NTUC Youth Taskforce and Varsity Voices Hold Dialogue with Students to Address Concerns

The youth’s concerns include career aspirations, financial adequacy, and mental well-being.
By Shukry Rashid 10 Sep 2022

NTUC Youth Taskforce, on 9 September 2022, organised a closed-door dialogue session with student-body initiative Varsity Voices to discuss youth concerns regarding career aspirations, financial adequacy, and mental well-being.

The dialogue also focused on how the youth can prepare to transition to working life.

NTUC Secretary-General Ng Chee Meng graced the event, addressing student concerns about stepping into working life.

NTUC said the dialogue comes amidst the changing economic backdrop, driving forces such as sustainable development and digitalisation, and growing demands for flexible work arrangements.

NTUC Assistant Secretary-General Desmond Choo said that the partnership with Varsity Voices allows the Labour Movement to learn more about the youth and forge a compact with them through youth organisations.

He added: “It is encouraging to see this meaningful discourse being carried out, and as NTUC wants to be the guiding buddy in their work-life journeys, such partnerships are an important pillar to build our future workforce and create the desired workplace.”

Varsity Voices is an inter-university network of students from the National University of Singapore, Nanyang Technological University and Singapore Management University.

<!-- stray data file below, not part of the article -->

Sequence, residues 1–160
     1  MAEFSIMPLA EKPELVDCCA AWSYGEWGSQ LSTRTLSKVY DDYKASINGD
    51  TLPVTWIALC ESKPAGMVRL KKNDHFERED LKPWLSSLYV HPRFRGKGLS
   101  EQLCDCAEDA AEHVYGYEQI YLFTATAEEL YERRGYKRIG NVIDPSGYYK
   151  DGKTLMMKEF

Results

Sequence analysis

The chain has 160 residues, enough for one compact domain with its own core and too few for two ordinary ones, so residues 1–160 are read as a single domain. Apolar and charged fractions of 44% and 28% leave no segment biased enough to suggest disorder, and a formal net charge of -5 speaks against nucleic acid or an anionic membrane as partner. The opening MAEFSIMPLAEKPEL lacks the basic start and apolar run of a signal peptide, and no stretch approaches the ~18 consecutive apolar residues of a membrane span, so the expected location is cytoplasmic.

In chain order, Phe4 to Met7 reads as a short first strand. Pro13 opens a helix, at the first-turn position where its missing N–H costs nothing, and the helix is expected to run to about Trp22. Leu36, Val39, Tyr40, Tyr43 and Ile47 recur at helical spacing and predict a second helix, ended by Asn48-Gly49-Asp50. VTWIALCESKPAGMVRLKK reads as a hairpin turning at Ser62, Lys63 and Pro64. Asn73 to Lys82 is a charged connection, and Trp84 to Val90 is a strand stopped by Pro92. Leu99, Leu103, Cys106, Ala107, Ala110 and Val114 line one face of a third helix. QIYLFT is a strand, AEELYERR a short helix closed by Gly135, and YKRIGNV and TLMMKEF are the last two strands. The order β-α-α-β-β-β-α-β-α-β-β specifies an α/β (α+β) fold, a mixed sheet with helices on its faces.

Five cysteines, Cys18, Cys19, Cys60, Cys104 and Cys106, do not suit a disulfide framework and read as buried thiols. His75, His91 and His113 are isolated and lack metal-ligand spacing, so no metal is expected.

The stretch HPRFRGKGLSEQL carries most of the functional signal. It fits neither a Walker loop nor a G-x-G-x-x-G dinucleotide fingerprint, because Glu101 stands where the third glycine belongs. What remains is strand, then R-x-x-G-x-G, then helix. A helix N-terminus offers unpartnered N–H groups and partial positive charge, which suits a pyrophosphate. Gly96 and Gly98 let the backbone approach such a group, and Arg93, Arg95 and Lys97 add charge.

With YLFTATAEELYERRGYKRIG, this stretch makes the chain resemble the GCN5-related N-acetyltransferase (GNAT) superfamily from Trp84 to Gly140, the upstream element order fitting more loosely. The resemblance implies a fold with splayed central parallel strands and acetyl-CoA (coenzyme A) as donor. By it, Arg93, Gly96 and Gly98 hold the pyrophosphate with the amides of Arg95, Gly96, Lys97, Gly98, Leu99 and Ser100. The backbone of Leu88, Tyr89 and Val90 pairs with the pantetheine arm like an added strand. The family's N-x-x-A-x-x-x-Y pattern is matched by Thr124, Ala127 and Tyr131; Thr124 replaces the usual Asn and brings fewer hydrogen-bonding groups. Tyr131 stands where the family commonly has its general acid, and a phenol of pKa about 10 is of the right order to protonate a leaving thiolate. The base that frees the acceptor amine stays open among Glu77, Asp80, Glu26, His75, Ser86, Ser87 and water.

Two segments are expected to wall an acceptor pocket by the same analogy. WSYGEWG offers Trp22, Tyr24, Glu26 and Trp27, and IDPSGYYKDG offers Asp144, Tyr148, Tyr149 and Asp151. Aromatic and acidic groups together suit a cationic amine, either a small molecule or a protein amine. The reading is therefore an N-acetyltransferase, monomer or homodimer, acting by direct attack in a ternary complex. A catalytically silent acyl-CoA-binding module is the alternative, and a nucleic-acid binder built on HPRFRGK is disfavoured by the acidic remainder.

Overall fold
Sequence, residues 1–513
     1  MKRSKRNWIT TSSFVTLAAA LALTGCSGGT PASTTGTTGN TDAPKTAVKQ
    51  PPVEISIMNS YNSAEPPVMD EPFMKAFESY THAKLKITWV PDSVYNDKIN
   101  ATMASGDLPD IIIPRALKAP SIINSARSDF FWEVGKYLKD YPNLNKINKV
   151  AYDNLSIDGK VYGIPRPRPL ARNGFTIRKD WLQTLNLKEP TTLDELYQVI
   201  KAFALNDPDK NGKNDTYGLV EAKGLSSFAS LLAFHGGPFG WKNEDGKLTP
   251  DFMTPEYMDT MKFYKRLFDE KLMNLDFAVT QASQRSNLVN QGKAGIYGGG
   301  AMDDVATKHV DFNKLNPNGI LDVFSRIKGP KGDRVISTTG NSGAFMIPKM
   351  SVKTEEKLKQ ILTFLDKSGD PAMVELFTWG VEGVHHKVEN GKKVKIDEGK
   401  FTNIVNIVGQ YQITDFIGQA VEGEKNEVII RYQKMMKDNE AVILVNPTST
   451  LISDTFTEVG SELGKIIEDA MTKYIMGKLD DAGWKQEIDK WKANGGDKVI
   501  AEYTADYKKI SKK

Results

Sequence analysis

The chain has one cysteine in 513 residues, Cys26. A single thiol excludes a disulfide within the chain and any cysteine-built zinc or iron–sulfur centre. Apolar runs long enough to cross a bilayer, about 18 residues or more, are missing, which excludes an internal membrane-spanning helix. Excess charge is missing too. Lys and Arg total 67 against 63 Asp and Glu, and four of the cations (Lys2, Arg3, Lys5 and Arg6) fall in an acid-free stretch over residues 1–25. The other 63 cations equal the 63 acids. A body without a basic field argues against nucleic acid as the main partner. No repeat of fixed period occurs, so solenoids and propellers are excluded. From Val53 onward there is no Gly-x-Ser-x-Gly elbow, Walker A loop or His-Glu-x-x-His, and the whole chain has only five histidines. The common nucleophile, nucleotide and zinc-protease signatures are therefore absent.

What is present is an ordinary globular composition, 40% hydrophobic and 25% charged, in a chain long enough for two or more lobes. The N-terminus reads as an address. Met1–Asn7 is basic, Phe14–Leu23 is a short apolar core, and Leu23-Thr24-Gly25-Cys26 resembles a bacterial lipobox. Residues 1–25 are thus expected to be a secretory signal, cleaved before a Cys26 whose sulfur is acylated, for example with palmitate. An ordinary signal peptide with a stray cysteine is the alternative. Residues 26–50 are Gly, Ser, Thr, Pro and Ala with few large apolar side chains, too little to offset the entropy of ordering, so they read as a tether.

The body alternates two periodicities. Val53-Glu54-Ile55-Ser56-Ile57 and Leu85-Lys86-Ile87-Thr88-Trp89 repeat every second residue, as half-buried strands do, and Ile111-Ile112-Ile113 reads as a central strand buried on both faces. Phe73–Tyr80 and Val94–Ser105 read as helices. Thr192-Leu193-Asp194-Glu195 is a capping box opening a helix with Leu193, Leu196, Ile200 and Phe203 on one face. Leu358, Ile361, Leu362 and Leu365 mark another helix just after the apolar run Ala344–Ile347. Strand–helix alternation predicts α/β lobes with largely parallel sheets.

Almost 70 people attended the dialogue, and the participants were students from various institutes of higher learning.

Students’ Concerns

In a poll, students who attended the dialogue shared that their top three concerns are planning their career journey, financial adequacy, and mental well-being.

The concerns were consistent with the findings from a study by Young NTUC earlier this year.

Students in the dialogue also shared their concerns about ensuring employability, the skills needed to be attractive to future employers and how to be better prepared before stepping into the workforce.

The dialogue session also discussed creating workplace boundaries and taking on more tasks than a worker can handle.

Mr Choo, one of the dialogue panellists, said that it is normal to have a sense of duty and want to take on more responsibilities at work to impress an employer.

However, he added that employers now are quite reasonable if workers are upfront with their work struggles and that it is better to do well at lesser tasks than do poorly on multiple tasks.

Year-long Engagement

The dialogue is part of the taskforce’s year-long engagement launched in July to engage 10,000 youth, gain insights, and support those aged 18 to 25 before joining the workforce.

NTUC said the taskforce had engaged more than 1,000 youth, with more engagements with polytechnics slated in October.

The NTUC Youth Taskforce falls within #EveryWorkerMatters Conversations, a larger-scale series of engagements aimed at engaging all workers across various life stages. Find out more about the #EveryWorkerMatters Conversations at conversations.ntuc.sg.

Related story: NTUC Engages Institutes of Higher Learning as Part of Its Youth Taskforce